The following horror story appeared in the online “Algorfa News” in early April:


This is Europe! 

So How Could This Happen?

Jan and Pete Wooll have, like so many Brits, found their ‘Dream in the Sun’ has literally crumbled into a ‘Nightmare in Hell’ and all because of the incompetence and greed of a Spanish developer, Meraban SL., based in Villamartin, Orihuela Costa.

Last Friday morning, 4th April, Pete left for work around 8:30 a.m. as he normally does, and no sooner had he’d driven away, the builders moved in with demolition machinery and started bulldozing the boundary walls of his Lo Crispin home.   

Jan of course telephoned Pete immediately to come home.  The Local Algorfa Police were summoned, and arrived within 15 minutes. They indicated they should go to  Guardia Civil in Almoradi to issue a denuncia.  “The Police struggled to comprehend the mayhem.” Pete told us today.

Jan and Pete appear to be bearing up very well considering what has happened to them.  How could their ‘Dream in the Sun’ end up like this?

It all began in April 2004, when after carefully researching the area AND the developer, Jan and Pete put down a deposit to secure a ‘luxury 110 sqm executive villa’ on the new Lo Crispin Urbanisation in Algorfa.

Near to the completion date which was promised for May 2005, the family moved to Spain in rented accommodation to await the completion of their ‘dream’.  They correctly made the stage payments to Meraban for the property in accordance with their sales contract, totalling 260,000 Euros. 

The developer seemed to have several problems with the construction of this phase of 18 villas (out of a total development of 70 properties).  The construction was still not completed six months past the agreed handover date.  A not unfamiliar story in Spain!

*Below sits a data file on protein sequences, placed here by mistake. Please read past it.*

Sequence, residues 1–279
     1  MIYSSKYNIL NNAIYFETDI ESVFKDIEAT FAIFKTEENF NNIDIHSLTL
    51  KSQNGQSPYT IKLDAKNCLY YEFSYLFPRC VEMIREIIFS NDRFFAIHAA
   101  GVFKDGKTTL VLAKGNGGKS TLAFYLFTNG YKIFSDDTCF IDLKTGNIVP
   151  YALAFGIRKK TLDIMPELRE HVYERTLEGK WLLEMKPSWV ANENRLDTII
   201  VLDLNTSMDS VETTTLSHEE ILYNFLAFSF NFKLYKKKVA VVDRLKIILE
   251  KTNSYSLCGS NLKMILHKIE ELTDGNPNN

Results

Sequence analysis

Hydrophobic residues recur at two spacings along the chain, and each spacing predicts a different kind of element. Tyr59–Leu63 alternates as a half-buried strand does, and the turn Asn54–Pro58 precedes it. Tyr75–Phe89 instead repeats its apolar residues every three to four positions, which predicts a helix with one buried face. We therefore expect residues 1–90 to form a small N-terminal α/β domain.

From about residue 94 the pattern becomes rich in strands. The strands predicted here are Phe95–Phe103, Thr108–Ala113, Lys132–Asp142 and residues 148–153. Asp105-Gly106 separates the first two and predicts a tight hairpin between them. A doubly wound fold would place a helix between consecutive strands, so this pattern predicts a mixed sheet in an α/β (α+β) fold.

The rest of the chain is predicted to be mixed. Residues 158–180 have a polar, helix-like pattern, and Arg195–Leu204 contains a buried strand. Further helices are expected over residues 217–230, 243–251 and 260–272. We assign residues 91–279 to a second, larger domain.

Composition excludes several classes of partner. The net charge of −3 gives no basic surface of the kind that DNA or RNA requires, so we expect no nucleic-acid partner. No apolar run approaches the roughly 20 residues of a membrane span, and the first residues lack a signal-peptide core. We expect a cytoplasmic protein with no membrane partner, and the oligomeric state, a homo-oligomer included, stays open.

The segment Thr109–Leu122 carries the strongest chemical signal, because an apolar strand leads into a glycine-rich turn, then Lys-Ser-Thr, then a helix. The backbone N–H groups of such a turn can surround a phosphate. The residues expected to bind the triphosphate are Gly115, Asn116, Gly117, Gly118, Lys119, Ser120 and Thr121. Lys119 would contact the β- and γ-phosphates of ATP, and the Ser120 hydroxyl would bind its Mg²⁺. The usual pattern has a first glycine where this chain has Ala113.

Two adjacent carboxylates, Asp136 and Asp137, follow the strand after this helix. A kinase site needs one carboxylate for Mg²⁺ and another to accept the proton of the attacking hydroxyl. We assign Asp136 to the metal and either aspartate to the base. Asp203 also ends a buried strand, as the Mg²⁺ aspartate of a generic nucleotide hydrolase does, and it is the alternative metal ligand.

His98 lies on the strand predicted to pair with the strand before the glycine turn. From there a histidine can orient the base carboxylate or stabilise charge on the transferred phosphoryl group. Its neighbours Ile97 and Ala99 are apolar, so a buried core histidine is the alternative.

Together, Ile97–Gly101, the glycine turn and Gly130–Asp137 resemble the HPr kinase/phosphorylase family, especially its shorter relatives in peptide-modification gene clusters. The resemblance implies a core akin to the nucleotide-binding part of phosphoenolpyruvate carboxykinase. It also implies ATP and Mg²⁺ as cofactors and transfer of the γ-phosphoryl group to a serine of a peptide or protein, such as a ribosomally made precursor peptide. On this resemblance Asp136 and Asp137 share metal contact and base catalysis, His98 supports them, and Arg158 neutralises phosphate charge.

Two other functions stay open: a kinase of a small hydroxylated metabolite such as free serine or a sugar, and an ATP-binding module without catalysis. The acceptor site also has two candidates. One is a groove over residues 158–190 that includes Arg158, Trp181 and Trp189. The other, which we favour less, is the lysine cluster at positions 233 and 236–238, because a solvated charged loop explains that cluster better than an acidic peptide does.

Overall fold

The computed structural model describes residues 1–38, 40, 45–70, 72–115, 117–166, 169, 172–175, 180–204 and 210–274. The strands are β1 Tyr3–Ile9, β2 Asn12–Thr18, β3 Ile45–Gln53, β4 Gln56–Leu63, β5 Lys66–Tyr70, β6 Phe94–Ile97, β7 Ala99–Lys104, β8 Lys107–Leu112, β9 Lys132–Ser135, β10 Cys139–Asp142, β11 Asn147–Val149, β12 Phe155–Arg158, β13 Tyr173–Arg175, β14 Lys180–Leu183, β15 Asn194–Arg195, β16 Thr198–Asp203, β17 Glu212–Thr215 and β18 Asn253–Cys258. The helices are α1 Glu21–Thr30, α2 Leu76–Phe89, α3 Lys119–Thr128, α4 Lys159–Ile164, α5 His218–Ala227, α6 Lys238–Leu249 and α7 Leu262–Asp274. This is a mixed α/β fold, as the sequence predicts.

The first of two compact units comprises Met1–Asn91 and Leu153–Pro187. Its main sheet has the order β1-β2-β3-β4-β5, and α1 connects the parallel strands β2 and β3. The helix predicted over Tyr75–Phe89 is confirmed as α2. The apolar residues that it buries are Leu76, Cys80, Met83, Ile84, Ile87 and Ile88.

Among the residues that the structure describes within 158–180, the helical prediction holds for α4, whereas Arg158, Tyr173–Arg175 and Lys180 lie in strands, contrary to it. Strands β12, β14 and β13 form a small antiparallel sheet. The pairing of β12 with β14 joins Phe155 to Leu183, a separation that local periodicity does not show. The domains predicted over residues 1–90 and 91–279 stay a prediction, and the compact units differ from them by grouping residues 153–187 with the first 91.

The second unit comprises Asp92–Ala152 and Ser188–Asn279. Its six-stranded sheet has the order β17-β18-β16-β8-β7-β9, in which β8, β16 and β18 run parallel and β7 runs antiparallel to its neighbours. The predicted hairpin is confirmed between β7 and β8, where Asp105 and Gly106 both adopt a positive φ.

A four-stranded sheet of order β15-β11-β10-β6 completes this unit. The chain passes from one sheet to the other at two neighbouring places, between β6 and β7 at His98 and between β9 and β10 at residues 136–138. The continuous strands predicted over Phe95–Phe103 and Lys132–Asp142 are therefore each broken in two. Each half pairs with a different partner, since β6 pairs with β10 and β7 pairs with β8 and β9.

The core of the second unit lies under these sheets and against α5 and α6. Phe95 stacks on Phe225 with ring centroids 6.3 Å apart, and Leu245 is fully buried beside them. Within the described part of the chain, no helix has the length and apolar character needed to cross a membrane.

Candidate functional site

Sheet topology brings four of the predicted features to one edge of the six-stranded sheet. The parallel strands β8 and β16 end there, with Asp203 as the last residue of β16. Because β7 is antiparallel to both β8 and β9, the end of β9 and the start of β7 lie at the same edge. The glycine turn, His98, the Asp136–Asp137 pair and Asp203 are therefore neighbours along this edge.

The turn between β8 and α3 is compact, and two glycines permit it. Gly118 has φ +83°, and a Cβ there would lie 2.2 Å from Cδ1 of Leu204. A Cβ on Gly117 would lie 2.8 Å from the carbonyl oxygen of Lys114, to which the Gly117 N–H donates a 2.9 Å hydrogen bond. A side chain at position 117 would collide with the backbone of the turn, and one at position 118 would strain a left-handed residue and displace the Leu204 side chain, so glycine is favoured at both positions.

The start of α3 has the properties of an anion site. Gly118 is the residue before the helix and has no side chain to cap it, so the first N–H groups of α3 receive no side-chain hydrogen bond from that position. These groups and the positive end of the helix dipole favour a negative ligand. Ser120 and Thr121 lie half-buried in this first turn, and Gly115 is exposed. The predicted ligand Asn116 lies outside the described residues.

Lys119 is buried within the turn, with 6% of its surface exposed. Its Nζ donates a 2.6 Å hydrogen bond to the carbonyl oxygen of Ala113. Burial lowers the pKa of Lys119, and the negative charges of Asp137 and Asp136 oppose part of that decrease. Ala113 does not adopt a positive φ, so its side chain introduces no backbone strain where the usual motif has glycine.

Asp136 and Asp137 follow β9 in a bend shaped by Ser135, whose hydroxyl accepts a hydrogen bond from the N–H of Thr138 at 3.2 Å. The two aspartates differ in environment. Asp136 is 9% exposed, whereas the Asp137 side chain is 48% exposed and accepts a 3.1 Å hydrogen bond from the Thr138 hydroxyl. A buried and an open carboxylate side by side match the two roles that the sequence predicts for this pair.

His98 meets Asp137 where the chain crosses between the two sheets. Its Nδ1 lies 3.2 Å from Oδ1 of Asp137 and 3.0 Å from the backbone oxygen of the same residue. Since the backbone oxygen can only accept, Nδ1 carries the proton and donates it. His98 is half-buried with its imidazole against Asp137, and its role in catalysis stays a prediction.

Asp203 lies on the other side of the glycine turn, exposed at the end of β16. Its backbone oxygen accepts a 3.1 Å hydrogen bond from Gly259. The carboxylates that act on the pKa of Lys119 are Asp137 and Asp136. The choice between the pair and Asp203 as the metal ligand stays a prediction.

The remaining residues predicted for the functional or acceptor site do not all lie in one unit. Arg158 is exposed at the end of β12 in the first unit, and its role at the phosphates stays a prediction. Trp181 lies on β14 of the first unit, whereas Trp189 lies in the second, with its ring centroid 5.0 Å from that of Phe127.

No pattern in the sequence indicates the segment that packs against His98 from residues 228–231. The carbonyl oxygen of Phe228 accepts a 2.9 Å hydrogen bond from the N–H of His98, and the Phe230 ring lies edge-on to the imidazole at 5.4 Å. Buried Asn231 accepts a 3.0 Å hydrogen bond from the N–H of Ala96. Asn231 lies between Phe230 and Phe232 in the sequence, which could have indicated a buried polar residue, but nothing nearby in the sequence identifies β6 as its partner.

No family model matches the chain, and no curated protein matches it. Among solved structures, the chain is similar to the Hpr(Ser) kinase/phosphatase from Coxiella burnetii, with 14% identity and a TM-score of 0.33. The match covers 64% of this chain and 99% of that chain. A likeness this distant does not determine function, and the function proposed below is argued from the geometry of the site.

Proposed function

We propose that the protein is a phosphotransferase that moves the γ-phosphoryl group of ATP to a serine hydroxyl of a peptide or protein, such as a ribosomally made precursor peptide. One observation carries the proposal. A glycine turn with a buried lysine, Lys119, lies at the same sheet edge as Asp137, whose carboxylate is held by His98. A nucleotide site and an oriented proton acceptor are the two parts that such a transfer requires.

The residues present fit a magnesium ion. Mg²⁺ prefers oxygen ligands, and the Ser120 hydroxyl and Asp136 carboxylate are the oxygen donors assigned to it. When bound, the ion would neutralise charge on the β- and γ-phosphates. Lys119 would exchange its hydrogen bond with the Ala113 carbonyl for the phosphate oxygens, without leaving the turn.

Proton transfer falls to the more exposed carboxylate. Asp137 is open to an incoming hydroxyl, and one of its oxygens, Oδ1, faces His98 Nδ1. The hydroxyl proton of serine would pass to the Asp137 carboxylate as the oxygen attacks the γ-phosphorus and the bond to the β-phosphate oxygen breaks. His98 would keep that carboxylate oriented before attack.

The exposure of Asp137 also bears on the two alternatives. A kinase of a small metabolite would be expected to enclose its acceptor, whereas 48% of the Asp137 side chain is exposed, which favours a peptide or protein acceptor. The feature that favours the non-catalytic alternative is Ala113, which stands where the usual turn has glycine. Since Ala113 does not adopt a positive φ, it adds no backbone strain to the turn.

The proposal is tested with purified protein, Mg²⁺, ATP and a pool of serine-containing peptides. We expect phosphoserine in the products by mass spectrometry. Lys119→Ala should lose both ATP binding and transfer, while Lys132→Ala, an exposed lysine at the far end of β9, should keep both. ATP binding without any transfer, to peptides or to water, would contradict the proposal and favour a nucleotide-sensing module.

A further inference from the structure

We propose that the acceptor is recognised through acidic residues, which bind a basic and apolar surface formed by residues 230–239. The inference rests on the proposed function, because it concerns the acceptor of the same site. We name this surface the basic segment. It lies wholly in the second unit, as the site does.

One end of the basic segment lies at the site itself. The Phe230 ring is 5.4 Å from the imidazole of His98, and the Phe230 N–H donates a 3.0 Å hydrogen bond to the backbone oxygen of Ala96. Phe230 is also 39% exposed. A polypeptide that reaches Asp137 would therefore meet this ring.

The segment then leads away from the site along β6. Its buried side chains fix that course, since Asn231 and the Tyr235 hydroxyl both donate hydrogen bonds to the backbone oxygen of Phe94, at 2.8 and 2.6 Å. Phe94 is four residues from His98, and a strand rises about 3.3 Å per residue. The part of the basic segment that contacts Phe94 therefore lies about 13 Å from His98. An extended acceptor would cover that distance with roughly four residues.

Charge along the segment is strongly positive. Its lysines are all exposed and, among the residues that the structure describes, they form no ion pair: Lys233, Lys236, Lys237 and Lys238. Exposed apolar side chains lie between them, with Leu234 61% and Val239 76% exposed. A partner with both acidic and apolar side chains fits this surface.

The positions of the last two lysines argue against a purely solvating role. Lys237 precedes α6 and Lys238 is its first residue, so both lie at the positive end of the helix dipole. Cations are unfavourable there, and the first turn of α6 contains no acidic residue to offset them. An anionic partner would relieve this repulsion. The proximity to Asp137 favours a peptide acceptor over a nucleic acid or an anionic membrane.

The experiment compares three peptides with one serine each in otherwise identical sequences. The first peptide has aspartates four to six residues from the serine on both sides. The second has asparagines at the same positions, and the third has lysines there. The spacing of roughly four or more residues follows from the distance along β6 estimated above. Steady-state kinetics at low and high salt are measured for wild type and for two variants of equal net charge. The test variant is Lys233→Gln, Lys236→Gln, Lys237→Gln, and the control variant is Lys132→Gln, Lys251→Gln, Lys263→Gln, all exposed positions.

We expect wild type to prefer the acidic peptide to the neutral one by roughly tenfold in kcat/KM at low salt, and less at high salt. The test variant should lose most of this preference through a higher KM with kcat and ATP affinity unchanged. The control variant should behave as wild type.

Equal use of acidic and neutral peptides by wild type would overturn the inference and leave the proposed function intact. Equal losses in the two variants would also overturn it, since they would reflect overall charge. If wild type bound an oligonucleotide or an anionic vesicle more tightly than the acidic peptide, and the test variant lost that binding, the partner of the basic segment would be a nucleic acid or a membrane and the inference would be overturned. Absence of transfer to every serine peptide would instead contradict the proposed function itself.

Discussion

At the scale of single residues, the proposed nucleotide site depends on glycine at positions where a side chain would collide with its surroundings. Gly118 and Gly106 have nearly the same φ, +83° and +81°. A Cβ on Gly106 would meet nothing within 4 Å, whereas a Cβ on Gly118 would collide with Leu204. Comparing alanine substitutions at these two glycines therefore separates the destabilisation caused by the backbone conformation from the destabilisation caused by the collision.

As Jan and Pete’s rental contract could not be extended any further, Meraban SL agreed in November 2005, that the family could move into the property even though it was not completed.  At this point Jan and Pete had not been to the notary so technically the property was still owned by the developer.  Jan and Pete had secured a mortgage offer on the villa of 120,000 Euros to finalise the purchase of the property on completion.

Jan and Pete were told that the paperwork would be completed in early January 2006 for final hand over.  However, before this could take place major structural problems began to appear with the property.  But the builder assured Jan and Pete all would be well and not to worry and that the ‘slope’ that had developed in the swimming pool was because the water in the pool wasn’t level! 

Serious subsidence became evident in the boundary wall at the back of the property. After a water leak, the boundary wall began to bulge and water started pouring out of the wall.  Meraban proposed to fill the rear garden with concrete and tile over the area.  They said this would stop the subsidence.  Jan and Pete took professional advice from an architect, who informed them that the ground the property was constructed on had been incorrectly prepared and that the reason for the volume of water present should be investigated.  The ground originally was a water reservoir for irrigation of farm land.